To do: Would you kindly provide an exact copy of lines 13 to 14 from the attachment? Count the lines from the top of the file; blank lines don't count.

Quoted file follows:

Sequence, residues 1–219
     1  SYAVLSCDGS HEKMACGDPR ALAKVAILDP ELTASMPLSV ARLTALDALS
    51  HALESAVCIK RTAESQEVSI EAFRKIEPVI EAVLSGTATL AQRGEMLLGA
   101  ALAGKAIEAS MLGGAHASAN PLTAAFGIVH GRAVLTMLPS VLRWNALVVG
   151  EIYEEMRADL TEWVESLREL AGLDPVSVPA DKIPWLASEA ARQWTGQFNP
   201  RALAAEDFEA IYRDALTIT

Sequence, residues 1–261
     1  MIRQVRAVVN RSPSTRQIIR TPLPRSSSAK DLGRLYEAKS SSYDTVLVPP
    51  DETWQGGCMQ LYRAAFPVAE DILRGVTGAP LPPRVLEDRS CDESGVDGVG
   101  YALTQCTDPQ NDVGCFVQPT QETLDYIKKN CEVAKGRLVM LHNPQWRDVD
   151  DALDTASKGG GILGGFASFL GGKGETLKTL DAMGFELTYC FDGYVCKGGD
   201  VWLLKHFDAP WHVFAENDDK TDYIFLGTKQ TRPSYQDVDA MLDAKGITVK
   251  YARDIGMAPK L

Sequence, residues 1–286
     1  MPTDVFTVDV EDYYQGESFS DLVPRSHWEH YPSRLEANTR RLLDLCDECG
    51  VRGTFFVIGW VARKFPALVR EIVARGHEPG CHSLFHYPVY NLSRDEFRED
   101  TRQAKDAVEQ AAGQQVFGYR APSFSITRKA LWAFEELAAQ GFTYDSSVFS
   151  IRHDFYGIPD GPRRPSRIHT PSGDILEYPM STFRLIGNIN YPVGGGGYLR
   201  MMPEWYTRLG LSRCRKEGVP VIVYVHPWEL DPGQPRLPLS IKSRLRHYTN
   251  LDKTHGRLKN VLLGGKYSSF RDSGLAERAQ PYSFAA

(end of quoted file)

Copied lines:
   251  YARDIGMAPK L

Sequence, residues 1–286